From the Re-Making of MoMA to the Louvre’s Loan Troubles: The Best and Worst of the Art World This Week

Catch up on this week's news—fast.

Leonardo da Vinci's Vitruvian Man (c. 1490). Photo: Gabriel Bouys/AFP/Getty Images.


The Making of MoMA 2.0 – Just how did the Museum of Modern Art raise more than $400 million to revamp their Manhattan digs? Plus, see pictures from the museum’s modern art galleries before it reopens to the public, and get tips on highlights of the new layout.

Crowdsource Detectives – The users of an online forum helped validate a painting at the Walker Art Gallery in Liverpool as a legitimate work by Anthony van Dyck.

Star Lots – At Sotheby’s fall auctions, a $35-million painting by Willem de Kooning consigned by Robert Mnuchin is one of the most anticipated lots.

Nara’s Record Auction – A giant painting depicting a pouty little girl has sold for $25 million in Hong Kong, blasting through Yoshitomo Nara’s previous auction record.

Million-Dollar Doodles – Speaking of Nara, once upon a time he hastily scribbled doodle in an East Village dive bar. Now, it could be worth millions.

Alec Monopoly Rolls the Dice – This artist may be getting the last laugh after all, no matter that the art world think’s he’s a joke.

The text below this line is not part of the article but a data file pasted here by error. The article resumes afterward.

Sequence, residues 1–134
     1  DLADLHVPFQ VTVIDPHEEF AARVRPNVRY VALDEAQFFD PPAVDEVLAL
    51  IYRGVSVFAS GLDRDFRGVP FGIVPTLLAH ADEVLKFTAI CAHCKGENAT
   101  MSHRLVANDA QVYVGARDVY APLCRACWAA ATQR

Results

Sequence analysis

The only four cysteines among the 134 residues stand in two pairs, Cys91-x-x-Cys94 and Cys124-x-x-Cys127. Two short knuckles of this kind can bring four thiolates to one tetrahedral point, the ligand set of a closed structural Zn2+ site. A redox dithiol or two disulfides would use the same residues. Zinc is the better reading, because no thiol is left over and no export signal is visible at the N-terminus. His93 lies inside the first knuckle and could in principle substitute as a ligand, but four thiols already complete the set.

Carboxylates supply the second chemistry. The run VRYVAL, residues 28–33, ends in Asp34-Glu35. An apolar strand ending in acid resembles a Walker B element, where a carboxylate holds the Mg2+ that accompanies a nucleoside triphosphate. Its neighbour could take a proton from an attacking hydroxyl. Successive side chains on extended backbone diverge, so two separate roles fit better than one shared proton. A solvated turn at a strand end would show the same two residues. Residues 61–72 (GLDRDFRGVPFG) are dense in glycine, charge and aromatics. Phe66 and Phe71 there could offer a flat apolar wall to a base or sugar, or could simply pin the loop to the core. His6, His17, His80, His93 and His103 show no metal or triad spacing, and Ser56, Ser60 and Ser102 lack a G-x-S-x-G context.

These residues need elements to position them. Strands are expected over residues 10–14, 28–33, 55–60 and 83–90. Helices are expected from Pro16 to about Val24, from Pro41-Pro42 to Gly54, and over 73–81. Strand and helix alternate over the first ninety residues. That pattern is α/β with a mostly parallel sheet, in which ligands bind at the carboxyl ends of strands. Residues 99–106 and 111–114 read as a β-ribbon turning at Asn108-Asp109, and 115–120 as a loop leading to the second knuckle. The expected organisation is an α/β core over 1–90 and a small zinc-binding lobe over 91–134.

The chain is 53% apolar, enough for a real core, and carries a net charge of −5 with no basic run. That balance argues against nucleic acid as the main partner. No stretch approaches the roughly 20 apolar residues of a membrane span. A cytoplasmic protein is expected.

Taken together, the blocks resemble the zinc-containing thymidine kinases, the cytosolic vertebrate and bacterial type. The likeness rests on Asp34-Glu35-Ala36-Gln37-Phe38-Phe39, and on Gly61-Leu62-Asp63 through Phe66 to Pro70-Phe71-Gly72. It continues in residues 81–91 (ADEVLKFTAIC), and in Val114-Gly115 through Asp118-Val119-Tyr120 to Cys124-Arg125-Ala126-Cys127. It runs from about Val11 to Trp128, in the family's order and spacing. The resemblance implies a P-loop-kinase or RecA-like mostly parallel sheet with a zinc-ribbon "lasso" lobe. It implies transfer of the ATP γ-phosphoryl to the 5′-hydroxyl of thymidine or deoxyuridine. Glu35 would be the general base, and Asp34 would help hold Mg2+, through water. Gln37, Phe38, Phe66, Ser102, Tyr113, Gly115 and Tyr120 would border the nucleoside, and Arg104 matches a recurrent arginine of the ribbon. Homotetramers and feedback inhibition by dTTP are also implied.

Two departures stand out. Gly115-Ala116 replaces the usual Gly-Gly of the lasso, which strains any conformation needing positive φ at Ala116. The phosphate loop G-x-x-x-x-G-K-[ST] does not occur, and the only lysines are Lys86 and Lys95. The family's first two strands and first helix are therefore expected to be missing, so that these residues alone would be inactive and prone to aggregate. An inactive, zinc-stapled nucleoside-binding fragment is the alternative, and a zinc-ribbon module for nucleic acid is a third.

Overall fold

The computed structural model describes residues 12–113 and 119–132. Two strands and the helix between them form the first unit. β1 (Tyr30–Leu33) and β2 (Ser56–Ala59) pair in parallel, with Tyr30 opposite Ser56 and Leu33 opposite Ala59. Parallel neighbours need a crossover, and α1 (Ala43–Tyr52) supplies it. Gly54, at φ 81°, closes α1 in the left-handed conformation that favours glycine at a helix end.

Remembering Matthew Wong – The artist died age 35 this week, and we heard from fellow artists and admirers who mourned the loss of the vibrant painter.

Candice Breitz Removes Work – To protest against the inclusion of an artist convicted of murdering a sex worker, artist Candice Breitz pulled her own work from a show at the museum.

No Loans to the Louvre – The upcoming exhibition honoring El Greco will be missing loans from the Prado Museum, which refused to lend their holdings to the Louvre.

Vitruvian Man Gets Vetoed – At the last minute, an Italian nationalist group helped block the loan of Leonardo’s famed drawing to the Louvre for its blockbuster exhibition.

Fly in the Ointment – During the press preview for the newly revamped Museum of Modern Art, our intrepid reporter Nate Freeman discovered an errant hair in van Gogh’s Starry Night, which by all accounts had not been there prior to its recent conservation.

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